College of the Rockies jammed full as post secondary enrollment rises province wide

Enrollment for post secondary schools is up across the province, including in Invermere at the College of the Rockies.

Enrollment in post secondary institutions is up across the province, and the Upper Columbia Valley is no exception, with the Invermere College of the Rockies campus as busy as it can get, according to the local campus manager.

A recent Ministry of Advanced Education press release touted the increase in post secondary school students, pointing out that the province’s 25 pubic post secondary institutions (which include the College of the Rockies) had a combined total of 426,317 students during the September 2015 to June 2015 academic year (the most recent year for which statistics are available), up from the 370,744 in students in the September 2002 to June 2003 academic year.

It’s a trend certainly borne out locally, said Invermere College of the Rockies campus manager Doug Clovechok.

“Overall our college-wide numbers are up year-on-year, and our campus numbers here in Invermere are up year-on-year,” said Clovechok, although he cautioned against reading too much into campus specific figures, since the year-on-year numbers in Invermere do vary significantly depending on whether or not certain rotational programs (which move from one College of the Rockies campus to the next each year) happen to be in Invermere on a given year.

“We’re not a huge campus, but we’re just getting hammered at the moment,” he said. “On any given day we are pretty well jammed full.”

Clovechok added that typically when economic times are tough, post-secondary institutions see increases in students, but currently the opposite seems to be happening the provincial economy is booming, and colleges, trade schools and universities are full.

“It’s a good news scenario. We have the lowest unemployment of any province. There are jobs everywhere, and I think that means people are seeing that there is opportunity everywhere, and they are getting trained, or in many cases getting retrained, to take advantage of those opportunities,” he said. “Especially for trades, for which there is a ton of demand right now.”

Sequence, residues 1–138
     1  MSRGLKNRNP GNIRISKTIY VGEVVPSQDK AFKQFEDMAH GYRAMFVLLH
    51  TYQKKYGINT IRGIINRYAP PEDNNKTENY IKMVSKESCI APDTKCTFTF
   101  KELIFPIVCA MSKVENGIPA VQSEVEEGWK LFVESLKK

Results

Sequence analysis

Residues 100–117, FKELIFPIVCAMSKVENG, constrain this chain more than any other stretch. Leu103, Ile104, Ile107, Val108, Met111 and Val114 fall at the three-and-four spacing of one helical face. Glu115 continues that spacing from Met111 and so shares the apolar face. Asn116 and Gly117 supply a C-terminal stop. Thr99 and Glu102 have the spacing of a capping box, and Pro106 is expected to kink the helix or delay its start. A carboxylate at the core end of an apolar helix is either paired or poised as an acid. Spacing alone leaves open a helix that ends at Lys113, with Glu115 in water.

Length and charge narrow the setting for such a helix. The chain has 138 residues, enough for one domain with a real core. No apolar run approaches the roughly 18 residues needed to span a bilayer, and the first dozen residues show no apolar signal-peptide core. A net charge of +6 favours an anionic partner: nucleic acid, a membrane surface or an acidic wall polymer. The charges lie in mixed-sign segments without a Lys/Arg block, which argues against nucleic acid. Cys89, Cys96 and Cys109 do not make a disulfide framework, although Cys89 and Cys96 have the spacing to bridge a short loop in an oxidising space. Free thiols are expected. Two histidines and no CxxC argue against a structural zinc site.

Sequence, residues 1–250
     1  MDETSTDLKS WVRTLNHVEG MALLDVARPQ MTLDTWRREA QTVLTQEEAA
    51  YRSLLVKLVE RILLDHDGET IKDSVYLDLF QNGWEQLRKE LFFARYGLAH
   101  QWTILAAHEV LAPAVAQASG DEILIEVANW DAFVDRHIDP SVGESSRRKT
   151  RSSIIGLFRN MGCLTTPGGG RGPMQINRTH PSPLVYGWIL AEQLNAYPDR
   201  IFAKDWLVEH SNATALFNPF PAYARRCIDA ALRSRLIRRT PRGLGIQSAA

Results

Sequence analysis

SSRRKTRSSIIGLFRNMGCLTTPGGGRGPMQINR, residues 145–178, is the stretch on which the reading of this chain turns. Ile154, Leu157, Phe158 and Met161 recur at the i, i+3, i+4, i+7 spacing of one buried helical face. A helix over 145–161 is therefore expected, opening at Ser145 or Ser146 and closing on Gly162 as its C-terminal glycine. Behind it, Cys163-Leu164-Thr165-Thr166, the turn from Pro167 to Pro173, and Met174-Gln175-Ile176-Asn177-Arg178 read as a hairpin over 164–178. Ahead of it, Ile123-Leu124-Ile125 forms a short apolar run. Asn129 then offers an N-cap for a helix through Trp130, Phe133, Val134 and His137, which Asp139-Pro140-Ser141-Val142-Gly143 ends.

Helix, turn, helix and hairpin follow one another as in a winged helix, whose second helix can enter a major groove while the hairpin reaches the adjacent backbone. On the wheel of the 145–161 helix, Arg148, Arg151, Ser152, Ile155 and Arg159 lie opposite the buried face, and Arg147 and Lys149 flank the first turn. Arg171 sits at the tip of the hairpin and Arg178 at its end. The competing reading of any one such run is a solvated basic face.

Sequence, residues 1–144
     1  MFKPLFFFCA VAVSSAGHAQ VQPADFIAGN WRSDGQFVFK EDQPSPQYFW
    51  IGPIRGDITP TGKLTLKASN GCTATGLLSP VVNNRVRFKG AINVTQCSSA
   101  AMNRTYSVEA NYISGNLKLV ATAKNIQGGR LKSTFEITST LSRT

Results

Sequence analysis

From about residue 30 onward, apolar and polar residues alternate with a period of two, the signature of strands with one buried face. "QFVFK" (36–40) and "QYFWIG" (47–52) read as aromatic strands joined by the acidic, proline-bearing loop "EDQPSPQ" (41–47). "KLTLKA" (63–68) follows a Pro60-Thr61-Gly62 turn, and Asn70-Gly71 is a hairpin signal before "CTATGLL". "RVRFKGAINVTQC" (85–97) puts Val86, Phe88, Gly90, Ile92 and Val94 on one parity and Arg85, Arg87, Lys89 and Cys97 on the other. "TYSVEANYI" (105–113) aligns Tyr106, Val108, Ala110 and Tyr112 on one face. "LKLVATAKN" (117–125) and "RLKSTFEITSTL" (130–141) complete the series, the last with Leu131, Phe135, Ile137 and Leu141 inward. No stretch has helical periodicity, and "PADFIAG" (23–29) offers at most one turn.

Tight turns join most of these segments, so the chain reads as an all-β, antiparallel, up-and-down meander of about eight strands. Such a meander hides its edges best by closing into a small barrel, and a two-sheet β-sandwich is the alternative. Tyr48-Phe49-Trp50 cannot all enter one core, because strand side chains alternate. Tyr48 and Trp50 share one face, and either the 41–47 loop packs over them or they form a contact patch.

The campus is currently running, or gearing up to soon run, its Targeted Initiative for Older Workers program; Trades Discovery program (run locally in partnership with Canfor, Home Hardware, the Shuswap Indian Band, and David Thompson Secondary School); the new Mountain Hospitality program (a six-week version will run this fall, and next spring, before a two-year diploma program launches next fall); Leadership Boot Camp for Business; another lifeguard program; another aesthetics training program; the Business Excellence Fundamental program (which covers QuickBook, payroll and bookkeeping); five chainsaw training courses; and several other continuing education programs.

In addition the college is seeking funding to once again run its Health Care assistant program this coming January.

“So we’re really, really busy,” said Clovechok. “We’ve advertised the Mountain Hospitality program for one day and already have four people on a waiting list.”

Clovechok added the college tries as much as possible to understand the needs of the business community, researching what qualifications are needed “and then we try to fill that from an educational perspective.”

The Ministry of Advanced Education press release mentioned that enrolment of international students in the province’s post secondary institutions increased from 17,838 in the September 2002 to June 2003 academic year to 45,132 in the September 2014 to June 2015 academic year.

Clovechok told the Echo he expects the two-year Mountain Hospitality diploma program will “probably bring international students to our community.”

The ministry press release outlined a gender split among the province’s post secondary students of 53 per cent female to 47 per cent male, and said that 49 per cent of students are under 25 years old, while 19 per cent are more than 40 years old.

The top five programs at the province’s post secondary institutions, according to the release, were arts and science (28 per cent of students), business and management (14 per cent), engineering and applied science (11 per cent), human and social courses (9 per cent) and trades (9 per cent).

The press release also mentioned that 62,443 post secondary academic credentials were awarded in the province during the September 2014 to June 2015 academic year, including graduate degrees (11 per cent), first professional and post-degree academic credentials (three per cent), bachelors degrees (39 per cent), certificates and diplomas (44 per cent) and development certificates (3 per cent).

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